More than 25,000 people from around the country have signed the online petition launched by Daniella Catton, whose cat Black Foot was hit by a car and killed last month.
The collision was witnessed by Daniella and her partner Andy, who were in the garden at the time. To their dismay, the motorist, who is understood to have been driving a private hire cab, did not stop at the scene.
Now the 32-year-old is calling for highway laws to be overhauled, so that drivers are required to stop and report a collision involving a cat.
At present, the Road Traffic Act requires a driver to contact police if they hit a dog or farm animal, but there is no obligation if they run over a cat or wild animal.
Daniella said that the existing legislation is “outdated” and needs to be changed.
“The ‘Black Foot Law’ will ensure that all cats are treated with the same consideration as dogs, sheep, cattle and other livestock. Cats are not vermin!”
The incident was captured on CCTV and reported to police and Solihull Council on September 2.
A council spokesman said: “The CCTV was brought to the attention of our Licensing Team, however as only the side of the vehicle was recorded it was not possible to positively identify the vehicle or driver involved. Therefore we are not able to take any further action.”
You can sign Daniella’s petition, which she plans to hand in to Parliament, at www.theblackfootlaw.com

Saturday, 4 October 2014

Consultation starts on plans to open engineering academy in Chelmsley Wood.

TRAINING BASE: The college will help tackle the skills
shortage facing the manufacturing industry.

AMBITIOUS plans to build a state-of-the-art engineering academy in Chelmsley Wood are to be put out for public consultation.
The project was given the go-ahead by Chancellor George Osborne in August; one of several sites around the country which will provide specialist technical training to young people.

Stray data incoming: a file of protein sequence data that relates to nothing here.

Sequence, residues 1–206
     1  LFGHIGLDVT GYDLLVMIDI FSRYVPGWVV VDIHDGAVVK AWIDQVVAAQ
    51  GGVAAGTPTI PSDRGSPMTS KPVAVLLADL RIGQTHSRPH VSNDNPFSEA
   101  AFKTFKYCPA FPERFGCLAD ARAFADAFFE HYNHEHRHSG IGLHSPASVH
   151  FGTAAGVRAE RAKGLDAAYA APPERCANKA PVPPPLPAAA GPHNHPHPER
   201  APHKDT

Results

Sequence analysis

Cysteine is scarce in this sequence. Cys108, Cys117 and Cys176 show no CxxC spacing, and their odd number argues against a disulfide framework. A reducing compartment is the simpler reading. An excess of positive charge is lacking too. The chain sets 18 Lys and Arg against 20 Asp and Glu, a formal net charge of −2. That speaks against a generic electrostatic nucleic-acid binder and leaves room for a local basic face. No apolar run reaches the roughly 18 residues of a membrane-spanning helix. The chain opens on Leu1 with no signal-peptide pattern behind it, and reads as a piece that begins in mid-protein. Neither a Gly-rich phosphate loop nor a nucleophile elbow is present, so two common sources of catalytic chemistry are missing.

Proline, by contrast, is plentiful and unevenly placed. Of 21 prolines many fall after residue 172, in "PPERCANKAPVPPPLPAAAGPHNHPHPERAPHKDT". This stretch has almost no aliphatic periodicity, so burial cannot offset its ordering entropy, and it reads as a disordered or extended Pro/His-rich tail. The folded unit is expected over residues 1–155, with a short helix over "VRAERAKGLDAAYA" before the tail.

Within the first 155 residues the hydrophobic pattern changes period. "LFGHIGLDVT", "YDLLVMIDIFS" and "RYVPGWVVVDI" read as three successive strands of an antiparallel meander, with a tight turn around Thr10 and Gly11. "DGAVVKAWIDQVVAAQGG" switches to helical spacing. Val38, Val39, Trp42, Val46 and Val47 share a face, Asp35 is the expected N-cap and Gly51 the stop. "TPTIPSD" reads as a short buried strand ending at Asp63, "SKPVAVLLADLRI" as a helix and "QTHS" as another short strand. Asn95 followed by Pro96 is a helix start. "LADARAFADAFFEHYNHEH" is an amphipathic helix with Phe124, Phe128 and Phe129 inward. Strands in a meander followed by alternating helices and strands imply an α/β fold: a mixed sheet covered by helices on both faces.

Two months on and plans have now been drawn up to develop a campus on land between Chelmsley Road and Conway Road.
The site would be modelled on an existing college in Coventry and would cater for over 600 14-19-year-olds. If all goes to plan, the facility could welcome its first intake of teenagers by September 2016.
The academy partners have said they are keen to hear what potential students, parents, employers and the wider community think about the proposals.
Chief Executive of the WMG Academy Trust, Dr Richard Hutchins said: “This is an important stage in the development of our second WMG Academy. We really want to hear the views of all sectors of the community.
“Our goal is to enable students from across Birmingham and Solihull to access to the same high-quality, innovative teaching we will be providing in the WMG Academy in Coventry; giving them the chance to gain technical qualifications alongside the national curriculum and gaining important business skills such as team-work, problem-solving and leadership.”
People are encouraged to complete an online questionnaire and there is also a public meeting scheduled to take place within the next few weeks.
To find out more about the proposals and take part in the consultation (which runs until November 30) go to www.wmgacademysolihull.org.uk/

The academy is being sponsored by the University of Warwick and has the backing of industry heavyweights including Jaguar Land Rover and Prodrive.